There is a lot of news about the “older market” or other stories featuring someone who has reached the landmark age of 100 years and more. In my geriatric management experience, while working with elder adults and their families, all of what I see in the news is just snapshots of people at a certain age. What I have found is that who a person is at 80 or 90 is really a product of experiences that preceded the present. A long term study of aging by the Harvard Study of Adult Development followed a cohort of Harvard sophomores along with a group of young men in Greater Boston since the 1930s.
My title stretches their findings a bit, because of course no one lives forever, but the study did offer some great insights into living long and living well:
- Get rid of the cigarettes. The Harvard Study showed that men who did not smoke clearly out-lived those who were smokers. Other research continues to show that giving up smoking is a positive influence on health and longevity at almost any age.
- Practice competent coping. It is not about the hand that life dealt these study subjects; it is about how they played the hand they were dealt. People who adapted to the events of life overall have lived longer than those who did not.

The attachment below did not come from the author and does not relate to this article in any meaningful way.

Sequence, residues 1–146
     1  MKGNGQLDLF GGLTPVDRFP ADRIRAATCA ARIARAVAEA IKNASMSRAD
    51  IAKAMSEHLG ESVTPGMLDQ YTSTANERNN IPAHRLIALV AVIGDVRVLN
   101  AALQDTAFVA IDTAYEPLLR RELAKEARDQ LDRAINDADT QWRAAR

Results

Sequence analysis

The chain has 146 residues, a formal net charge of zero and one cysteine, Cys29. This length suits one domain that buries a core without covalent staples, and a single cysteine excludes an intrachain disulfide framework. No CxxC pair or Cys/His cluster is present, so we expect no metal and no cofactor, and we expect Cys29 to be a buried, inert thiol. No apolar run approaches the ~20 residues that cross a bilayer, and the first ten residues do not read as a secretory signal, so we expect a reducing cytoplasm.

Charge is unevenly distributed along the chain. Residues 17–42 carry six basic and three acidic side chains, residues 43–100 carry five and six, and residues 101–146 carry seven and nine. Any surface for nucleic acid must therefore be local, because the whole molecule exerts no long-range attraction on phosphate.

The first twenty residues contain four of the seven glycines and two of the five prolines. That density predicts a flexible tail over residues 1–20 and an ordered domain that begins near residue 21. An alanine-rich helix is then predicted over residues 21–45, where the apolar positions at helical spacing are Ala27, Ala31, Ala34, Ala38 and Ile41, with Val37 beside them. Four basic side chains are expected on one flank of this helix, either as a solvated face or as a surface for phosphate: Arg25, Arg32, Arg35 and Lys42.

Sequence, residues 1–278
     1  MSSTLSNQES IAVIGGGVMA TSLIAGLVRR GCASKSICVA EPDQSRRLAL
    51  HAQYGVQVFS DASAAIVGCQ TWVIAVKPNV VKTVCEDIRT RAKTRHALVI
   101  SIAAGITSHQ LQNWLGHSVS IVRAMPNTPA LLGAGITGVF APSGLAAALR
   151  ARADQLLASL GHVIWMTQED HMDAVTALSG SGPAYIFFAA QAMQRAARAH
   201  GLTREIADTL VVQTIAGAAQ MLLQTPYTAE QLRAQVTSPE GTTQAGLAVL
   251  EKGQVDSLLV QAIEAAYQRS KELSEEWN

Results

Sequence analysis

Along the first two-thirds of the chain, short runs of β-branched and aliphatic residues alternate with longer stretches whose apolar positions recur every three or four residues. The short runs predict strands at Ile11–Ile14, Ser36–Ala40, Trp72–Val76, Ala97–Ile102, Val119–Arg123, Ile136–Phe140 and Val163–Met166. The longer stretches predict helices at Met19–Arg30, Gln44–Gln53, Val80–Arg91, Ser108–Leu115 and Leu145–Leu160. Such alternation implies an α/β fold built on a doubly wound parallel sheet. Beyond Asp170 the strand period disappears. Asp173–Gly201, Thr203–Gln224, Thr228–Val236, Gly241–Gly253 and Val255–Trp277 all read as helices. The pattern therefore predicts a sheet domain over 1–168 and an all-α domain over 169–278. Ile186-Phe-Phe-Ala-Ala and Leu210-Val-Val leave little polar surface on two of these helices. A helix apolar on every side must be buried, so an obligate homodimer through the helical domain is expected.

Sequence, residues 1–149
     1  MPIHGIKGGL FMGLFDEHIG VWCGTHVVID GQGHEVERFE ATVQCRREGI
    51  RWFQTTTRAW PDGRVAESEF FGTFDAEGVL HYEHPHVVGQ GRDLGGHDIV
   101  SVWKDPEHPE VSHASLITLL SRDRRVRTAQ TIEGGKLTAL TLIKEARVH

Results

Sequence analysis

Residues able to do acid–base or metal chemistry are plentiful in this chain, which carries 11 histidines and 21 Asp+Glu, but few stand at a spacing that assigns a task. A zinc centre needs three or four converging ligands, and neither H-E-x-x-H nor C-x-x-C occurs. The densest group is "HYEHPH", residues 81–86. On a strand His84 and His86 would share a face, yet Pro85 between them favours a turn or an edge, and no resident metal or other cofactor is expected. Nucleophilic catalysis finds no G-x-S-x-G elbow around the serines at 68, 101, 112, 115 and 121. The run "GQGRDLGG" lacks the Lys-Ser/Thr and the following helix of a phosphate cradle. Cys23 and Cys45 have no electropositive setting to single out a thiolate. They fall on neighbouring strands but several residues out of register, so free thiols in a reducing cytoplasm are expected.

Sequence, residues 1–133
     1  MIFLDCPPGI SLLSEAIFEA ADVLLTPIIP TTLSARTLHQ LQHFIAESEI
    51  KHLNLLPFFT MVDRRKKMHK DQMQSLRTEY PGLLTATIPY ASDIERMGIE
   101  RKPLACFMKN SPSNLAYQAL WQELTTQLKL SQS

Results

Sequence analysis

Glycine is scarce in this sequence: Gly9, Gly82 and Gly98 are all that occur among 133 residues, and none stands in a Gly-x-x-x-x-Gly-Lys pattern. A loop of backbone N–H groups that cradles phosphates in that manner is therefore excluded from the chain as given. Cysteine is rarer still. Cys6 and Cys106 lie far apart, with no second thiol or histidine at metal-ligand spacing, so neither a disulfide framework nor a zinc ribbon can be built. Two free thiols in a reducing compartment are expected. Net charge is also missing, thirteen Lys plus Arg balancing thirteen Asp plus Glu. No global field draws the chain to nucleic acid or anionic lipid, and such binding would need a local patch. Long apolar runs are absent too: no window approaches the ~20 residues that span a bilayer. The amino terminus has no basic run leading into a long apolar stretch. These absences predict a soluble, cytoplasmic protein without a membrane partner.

- Waistline leads the lifeline. The researchers found that those subjects who maintained a “healthy waistline” and weight fared better than their obese counterparts. It is not about being stick thin, but it is about avoiding the other extreme.
- Regular exercise contributes. Any kind of regular exercise improved both the physical and mental health of the men the study followed. Exercise also likely contributed to that healthy waistline and positive attitude.
- Be mentally engaged. It starts with pursuing an educational degree, but those who lived longer also always seemed to have something they were excited to explore whether it was keeping a journal or studying a new subject. Intellectual activity seemed as important as physical activity.
- Make and keep friends. That also includes the person one marries. The researchers found that those who were the most socially engaged also tended to live longer.
I have not talked about how old one’s parents lived or one’s cholesterol. These factors did contribute to longevity, but the researchers noted that they contributed less than expected. Even stress in a study subject’s life was not a negative predictor of longevity as much as how the subjects coped with the stress.
Charlotte Bishop is certified in geriatric management and founder of Creative Case Management, led by professionals who are advocates, resources, counselors and friends to elder adults and their families in metropolitan Chicago. Please email your questions to firstname.lastname@example.org.